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E-news on Wildflowers

Why native wildflowers?

Wildflowers do much more than give La Florida, the “land of flowers,” its unique sense of place.

Because they’ve adapted to Florida’s conditions and pests, they typically require less water, fertilizer and pesticides than other flowers. They also support myriad native wildlife, from bees to hummingbirds.
Read more.

What you can do on our site:

On tour: 500 Years in the Place of Flowers

Our touring photo exhibit, "La Florida: 500 Years in the Place of Flowers," commemorates the natural history and culture of our state, which Juan Ponce de Leon named in 1513. Roughly translated, La Florida means place or land of flowers.

The display includes 15 glorious large-format photos by nature photographer John Moran, perfectly illustrating the timeless beauty of Florida's native wildflowers. See a list of venues and dates through 2014. Click here to become an exhibit sponsor. Learn more about the commemoration of La Florida's 500 years on our Viva Florida page. 

  • Florida native wildflower image
  • Florida native wildflower image
  • Florida native wildflower image
  • Florida native wildflower image
  • Florida native wildflower image
  • Florida native wildflower image
  • Florida native wildflower image
  • Florida native wildflower image
  • Florida native wildflower image
  • Florida native wildflower image
  • Florida native wildflower image
  • Florida native wildflower image
  • Florida native wildflower image
  • Florida native wildflower image
  • Florida native wildflower image

No matter where you want wildflowers, this site has the information you need. Visit our page on Planting and Growing Wildflowers to learn how you can be successful in any setting.

Take a road trip!

Plan a trip in the Land of Flowers by seeing what's in bloom across the state. Our interactive gallery features all seasons and regions. Whether you go by car, bike or foot, our Website is your map and guide to the fabulous wildflowers of Florida

             Send us your pix!

 

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Download our summer newsletter

In it you'll find articles on:

  • The 2014 Florida Wildflower Symposium at Bok Tower Gardens, Lake Wales
  • Where to view summer wildflowers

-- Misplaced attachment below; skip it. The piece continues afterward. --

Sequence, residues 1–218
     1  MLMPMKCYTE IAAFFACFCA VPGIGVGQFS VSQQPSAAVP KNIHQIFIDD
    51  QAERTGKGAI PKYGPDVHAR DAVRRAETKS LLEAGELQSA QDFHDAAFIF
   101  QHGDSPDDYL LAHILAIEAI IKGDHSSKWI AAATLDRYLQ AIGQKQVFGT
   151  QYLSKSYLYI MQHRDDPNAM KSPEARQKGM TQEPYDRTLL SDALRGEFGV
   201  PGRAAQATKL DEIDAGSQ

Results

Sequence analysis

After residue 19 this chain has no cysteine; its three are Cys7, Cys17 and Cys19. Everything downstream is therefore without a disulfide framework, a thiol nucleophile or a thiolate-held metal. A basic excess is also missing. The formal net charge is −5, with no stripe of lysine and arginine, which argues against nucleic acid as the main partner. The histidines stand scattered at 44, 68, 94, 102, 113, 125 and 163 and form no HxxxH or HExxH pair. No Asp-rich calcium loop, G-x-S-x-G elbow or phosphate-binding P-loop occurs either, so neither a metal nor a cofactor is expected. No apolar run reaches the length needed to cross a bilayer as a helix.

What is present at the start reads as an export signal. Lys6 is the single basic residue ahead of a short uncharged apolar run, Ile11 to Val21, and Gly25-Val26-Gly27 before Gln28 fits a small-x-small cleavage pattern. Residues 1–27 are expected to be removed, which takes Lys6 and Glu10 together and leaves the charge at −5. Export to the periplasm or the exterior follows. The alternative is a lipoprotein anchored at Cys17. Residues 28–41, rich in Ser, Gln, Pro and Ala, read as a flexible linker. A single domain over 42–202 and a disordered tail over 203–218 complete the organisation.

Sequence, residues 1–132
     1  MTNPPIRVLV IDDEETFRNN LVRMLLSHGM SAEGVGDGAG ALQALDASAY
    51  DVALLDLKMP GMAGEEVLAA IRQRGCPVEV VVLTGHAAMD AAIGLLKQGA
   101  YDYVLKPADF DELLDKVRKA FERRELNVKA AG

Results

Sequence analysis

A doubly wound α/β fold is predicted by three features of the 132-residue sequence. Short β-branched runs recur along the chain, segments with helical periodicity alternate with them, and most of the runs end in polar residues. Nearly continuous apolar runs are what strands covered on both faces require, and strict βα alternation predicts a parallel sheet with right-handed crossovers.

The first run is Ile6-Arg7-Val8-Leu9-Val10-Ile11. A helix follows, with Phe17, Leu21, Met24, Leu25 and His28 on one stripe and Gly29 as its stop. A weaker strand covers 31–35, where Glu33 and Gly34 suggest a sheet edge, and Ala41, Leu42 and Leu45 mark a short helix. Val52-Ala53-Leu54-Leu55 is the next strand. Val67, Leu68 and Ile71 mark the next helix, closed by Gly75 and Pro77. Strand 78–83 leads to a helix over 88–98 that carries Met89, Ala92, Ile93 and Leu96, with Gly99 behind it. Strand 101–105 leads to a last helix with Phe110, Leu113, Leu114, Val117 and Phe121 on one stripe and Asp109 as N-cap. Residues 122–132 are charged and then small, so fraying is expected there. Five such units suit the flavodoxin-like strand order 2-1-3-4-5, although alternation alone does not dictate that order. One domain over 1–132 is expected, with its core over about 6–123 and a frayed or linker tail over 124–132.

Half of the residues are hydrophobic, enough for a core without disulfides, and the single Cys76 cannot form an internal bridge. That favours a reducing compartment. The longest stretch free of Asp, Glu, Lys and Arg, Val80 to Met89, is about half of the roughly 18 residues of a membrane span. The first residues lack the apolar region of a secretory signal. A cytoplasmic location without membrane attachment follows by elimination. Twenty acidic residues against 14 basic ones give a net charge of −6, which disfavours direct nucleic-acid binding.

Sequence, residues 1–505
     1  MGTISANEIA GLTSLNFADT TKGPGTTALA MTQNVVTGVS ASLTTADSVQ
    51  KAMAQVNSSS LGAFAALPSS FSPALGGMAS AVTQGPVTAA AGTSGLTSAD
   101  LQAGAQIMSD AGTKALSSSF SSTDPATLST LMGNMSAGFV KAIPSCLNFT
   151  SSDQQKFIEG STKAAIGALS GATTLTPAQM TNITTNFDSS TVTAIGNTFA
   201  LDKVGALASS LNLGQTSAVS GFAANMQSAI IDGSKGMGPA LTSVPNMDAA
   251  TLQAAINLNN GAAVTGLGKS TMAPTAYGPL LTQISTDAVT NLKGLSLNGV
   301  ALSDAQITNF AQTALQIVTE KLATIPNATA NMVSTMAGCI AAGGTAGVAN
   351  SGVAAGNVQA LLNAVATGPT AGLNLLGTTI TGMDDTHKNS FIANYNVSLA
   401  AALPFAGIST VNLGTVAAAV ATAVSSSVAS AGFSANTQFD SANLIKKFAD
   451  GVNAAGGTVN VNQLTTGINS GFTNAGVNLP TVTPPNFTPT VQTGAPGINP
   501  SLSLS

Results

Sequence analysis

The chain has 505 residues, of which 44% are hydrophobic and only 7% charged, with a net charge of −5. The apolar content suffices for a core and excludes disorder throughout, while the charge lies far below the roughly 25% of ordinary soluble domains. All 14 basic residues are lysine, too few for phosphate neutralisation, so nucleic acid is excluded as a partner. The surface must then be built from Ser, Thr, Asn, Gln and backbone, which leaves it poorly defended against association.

• New wildflower resolutions adopted
  • Skyflower (Hydrolea corymbosa)
  • Gopher tortoises and their diet
  • FWF Member Chris Waltz
  • The first "Wildflowers, Naturally!" qualified landscape
  • Rattlesnakemaster (Eryngium spp.)
  • The Panhandle wildflower brochure migrating to the web

Download your copy now.

 


Save the date: Wildflower Symposium to be held Sept. 19-20 at Bok Tower Gardens

Doug Tallamy, author of Bringing Nature Home, will be the keynote speaker at the Florida Wildflower Symposium, Sept. 19 and 20 at Bok Tower Gardens in Lake Wales. A nationally renowned speaker, Tallamy chairs the University of Delaware's Department of Entomology and Wildlife Ecology in Newark, Del. He has written more than 65 research articles and has taught insect taxonomy, behavioral ecology, and other subjects.

Tallamy's appearance at the symposium banquet on Friday, Sept. 19, is just one of the event's highlights. On Saturday, Sept. 20, there will be presentations by regional experts on wildflowers, native plants, wildlife and butterflies, and a workshop during which participants can design their own native wildflower landscape. Friday field trips include a stroll along the Wildflower Wayside Shrine Trail at South Florida State College, Avon Park. There will also be a wildflower propagation workshop, a tour of Bok's endangered plant nursery, and a guided walk of the gardens' sandhill restoration area.  For news of registration opening, join our e-news list.
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FDOT study: Roadside ecosystem services valued at more than 1/2 billion dollars

A recently released Florida Department of Transportation study conservatively estimates that roadside vegetation along the state highway system performs nearly a half-billion dollars worth of ecosystem services.

The study found that value would increase to $1 billion if sustainable vegetation management practices such as reduced mowing were adopted. The value would triple to $1.5 billion if wildflower areas were incorporated into roadside landscapes.

Ecosystem services include carbon sequestration, runoff prevention, and support of crop pollinators and other insects, as well as contributions to air quality, invasive species resistance and roadside aesthetics.

Read the news release.

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The Florida Wildflower Foundation is a 501(c)(3) not-for-profit organization.
Your dollars support planting, research and grant programs that fill our world with wildflowers.